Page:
The results of simple interventions involving community health workers suggest that improvements in value-based cancer care need not come from health-care professionals. According to data presented at the 2019 ASCO Quality Care Symposium,1 reliance upon community health workers trained to assess patient symptoms and make referrals led to significant differences in health-care utilization, including decreased visits to the emergency department in the last month of life and increased use of hospice for the intervention group. Authors of the study also reported significant reductions in total costs of care among patients receiving the intervention, as compared with the control.
“This study shows that basic but essential cancer care services can be provided to patients outside of clinic visits by lay health workers,” said Manali I. Patel, MD, Assistant Professor of Medicine at Stanford University School of Medicine, Stanford, California, and the Veterans Affairs Palo Alto Health Care System, Palo Alto, California. “This was an all-stakeholder approach, designed from the beginning with the input of patients, caregivers, providers, and payers. The payer incentivized this value-based–care approach prior to any of the new alternative care models that we’re seeing now. Ultimately, we showed improved value in cancer care delivery at the end of life through this simple intervention,” she added.
“This study shows that basic but essential cancer care services can be provided to patients outside of clinic visits by lay health workers.”— Manali I. Patel, MD
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As Dr. Patel reported, annual health-care costs related to cancer are expected to exceed $200 billion in 2020, but this high cost is not necessarily associated with better care delivery. A majority of patients continue to suffer from undertreated symptoms, noted Dr. Patel, which leads to high rates of hospital admissions, longer hospital stays, inpatient deaths, psychological and physical distress, as well as financial burdens to both patients and the health-care system.
To improve value-based cancer care, Dr. Patel and colleagues designed an intervention using lay health workers or community health workers, embedded in the practice to assess patient symptoms. The clinical team risk-stratified patients into either high-risk or low-risk categories based on comorbidities, baseline symptom burden, cancer stage, and the likelihood of symptoms over time. High-risk patients received a weekly phone call from a lay health worker, who conducted symptom assessments using the Edmonton Symptom Assessment Scale and screened for depression using the Patient Health Questionnaire-9. These symptoms were then reviewed with an embedded physician assistant or nurse practitioner in the clinic who conducted the clinical intervention. For patients in the low-risk group, this assessment occurred on a monthly basis.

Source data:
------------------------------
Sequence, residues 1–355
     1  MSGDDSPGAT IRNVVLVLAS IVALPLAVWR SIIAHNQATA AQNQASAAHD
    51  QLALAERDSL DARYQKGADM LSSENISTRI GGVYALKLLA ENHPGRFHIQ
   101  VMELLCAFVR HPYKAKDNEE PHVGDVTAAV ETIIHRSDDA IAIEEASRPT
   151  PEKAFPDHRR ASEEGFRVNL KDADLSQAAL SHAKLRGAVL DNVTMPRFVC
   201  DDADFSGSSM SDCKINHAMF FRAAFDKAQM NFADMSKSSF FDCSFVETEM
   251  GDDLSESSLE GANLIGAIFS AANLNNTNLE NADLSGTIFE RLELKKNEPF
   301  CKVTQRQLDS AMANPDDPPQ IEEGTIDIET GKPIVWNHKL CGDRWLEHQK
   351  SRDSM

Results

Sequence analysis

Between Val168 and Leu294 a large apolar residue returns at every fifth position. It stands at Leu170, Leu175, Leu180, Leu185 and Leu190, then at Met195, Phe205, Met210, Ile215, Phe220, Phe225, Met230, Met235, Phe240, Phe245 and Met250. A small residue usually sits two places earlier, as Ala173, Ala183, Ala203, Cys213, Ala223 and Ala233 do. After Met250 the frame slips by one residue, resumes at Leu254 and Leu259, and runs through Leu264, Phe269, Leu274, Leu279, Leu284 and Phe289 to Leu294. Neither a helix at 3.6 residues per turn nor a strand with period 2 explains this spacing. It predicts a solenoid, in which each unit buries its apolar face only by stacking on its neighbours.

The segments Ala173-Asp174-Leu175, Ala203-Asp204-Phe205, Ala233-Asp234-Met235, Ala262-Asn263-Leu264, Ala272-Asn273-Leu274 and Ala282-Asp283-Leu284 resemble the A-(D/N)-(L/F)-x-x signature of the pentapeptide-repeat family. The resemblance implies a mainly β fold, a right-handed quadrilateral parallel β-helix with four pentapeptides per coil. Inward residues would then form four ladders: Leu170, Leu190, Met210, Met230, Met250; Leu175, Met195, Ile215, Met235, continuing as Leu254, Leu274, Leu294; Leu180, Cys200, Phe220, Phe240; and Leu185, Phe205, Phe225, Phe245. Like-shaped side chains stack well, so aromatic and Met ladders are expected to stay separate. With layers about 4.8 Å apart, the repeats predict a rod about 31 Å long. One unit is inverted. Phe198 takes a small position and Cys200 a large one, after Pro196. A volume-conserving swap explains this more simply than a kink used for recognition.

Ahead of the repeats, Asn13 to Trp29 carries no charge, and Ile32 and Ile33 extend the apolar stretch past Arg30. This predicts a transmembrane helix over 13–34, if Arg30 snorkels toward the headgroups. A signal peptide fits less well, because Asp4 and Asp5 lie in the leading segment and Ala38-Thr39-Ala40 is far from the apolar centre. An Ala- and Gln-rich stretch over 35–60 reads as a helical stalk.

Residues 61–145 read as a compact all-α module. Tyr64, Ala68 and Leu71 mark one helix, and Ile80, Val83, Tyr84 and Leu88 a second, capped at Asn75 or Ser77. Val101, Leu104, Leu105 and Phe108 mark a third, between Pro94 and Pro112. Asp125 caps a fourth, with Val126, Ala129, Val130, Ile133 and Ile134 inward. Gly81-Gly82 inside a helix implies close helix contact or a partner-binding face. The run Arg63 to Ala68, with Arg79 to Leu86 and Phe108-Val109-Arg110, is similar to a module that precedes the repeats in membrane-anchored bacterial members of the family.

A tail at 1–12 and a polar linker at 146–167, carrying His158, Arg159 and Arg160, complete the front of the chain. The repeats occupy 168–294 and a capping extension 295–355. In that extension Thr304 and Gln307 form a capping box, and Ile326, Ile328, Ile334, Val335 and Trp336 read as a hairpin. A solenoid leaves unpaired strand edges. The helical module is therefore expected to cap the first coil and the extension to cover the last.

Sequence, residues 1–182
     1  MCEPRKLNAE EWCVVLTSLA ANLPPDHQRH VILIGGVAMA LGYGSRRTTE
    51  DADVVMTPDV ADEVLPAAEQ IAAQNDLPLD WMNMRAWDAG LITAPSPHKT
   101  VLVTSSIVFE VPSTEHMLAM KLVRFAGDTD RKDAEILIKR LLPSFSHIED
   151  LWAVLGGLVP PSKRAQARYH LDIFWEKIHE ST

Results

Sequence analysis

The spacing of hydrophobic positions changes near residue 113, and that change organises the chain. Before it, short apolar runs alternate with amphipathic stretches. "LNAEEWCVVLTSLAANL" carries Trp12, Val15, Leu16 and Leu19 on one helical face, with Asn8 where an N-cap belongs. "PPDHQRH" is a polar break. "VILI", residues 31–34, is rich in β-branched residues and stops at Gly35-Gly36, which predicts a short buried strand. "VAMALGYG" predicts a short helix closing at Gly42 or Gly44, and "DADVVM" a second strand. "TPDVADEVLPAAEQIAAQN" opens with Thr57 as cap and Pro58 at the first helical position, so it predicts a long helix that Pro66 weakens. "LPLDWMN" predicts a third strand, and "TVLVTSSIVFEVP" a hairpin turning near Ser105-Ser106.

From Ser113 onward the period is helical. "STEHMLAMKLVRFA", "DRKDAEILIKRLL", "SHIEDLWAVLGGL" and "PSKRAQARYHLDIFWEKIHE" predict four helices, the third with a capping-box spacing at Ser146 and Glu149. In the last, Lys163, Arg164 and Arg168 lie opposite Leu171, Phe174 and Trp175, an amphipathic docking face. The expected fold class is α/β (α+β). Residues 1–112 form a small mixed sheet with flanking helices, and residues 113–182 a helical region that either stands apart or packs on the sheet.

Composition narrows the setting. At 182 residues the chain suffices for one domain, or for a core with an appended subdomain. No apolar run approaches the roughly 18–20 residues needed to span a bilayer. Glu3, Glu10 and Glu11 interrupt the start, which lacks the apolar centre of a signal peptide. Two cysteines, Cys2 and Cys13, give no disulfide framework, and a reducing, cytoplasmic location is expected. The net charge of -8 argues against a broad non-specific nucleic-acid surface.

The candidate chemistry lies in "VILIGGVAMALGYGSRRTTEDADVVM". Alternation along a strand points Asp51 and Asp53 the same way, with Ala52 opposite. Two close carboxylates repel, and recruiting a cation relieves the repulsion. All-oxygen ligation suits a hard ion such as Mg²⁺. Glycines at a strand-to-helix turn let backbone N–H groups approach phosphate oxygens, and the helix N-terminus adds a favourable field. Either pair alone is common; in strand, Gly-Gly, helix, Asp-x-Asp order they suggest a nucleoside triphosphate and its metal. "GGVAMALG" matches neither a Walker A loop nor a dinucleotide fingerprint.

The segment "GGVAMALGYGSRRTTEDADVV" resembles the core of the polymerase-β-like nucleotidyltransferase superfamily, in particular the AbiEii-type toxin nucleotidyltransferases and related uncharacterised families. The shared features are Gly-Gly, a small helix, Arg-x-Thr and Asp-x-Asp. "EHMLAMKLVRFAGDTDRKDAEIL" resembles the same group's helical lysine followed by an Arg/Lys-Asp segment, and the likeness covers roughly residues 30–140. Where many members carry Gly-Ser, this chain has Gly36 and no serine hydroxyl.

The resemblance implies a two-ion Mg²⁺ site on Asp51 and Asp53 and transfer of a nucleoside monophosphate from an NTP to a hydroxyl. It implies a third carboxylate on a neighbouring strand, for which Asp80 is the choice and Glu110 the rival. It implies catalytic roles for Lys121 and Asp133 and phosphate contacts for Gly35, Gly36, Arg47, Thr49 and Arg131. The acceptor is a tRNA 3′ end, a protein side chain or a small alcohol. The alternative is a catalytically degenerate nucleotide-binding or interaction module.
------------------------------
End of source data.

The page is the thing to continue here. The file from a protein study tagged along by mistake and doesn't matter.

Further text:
From November 2016 through September 2018, researchers enrolled all newly diagnosed health-plan beneficiaries with solid and hematologic malignancies and compared outcomes with all patients diagnosed with cancer in the year prior to the intervention. For all patients who died within 12 months of diagnosis, the researchers compared the risk of death using Cox models. Health-care use in the last month of life and the total costs of care from diagnosis until death were also analyzed by generalized linear regression models, with all models adjusted for age, disease stage, comorbidities, diagnosis, and length of follow-up.
Significant Differences in Health-Care Utilization and End-of-Life Costs
As Dr. Patel reported, of the 832-patient cohort, 189 patients in the control group died and 180 in the intervention group died. As this was a historical control, she added, there were differences a priori in demographic characteristics. Although the majority of patients in the intervention arm were men, the majority of patients in the control group were women. However, average age and race/ethnicities were similar across both groups.
The authors also reported differences with respect to cancer diagnoses between the arms, mostly driven by differences in breast cancer, but the number of patients with stage IV disease was similar in both groups, as were comorbidities. Although no differences in survival were found between the groups, patients were selected on the basis of having died within 12 months of diagnosis, said Dr. Patel, so there was limited variability in the cohort.
Nevertheless, researchers found significant differences in health-care utilization, with statistically significant greater hospice use among the intervention group and lower emergency department use in the last month of life. Patients in the intervention group also had lower mean inpatient admissions than the control arm. In addition, researchers identified differences in terms of the percentage of patients who died in acute care facilities (37% in the intervention group vs 63% in the control group; P = .02).
Finally, researchers reported significantly lower median total health-care costs from diagnosis until death for patients receiving the intervention vs the control. This finding translated to a nearly $7,000 per-patient difference in total costs.
DISCLOSURE: This study was sponsored by the National Institutes of Health. Dr. Patel reported no conflicts of interest.
1. Patel MI, Ramirez D, Agajanian R, et al: Enhancing community capacity to deliver value-based cancer care at the end-of-life. 2019 ASCO Quality Care Symposium. Abstract 4. Presented September 7, 2019.
Paul B. Jacobsen, PhD, FASCO, Associate Director of the National Cancer Institute’s Division of Cancer Control and Population Science’s Healthcare Delivery Research Program, said that this study exemplifies the type of work that is needed to more broadly and rapidly translate promising research...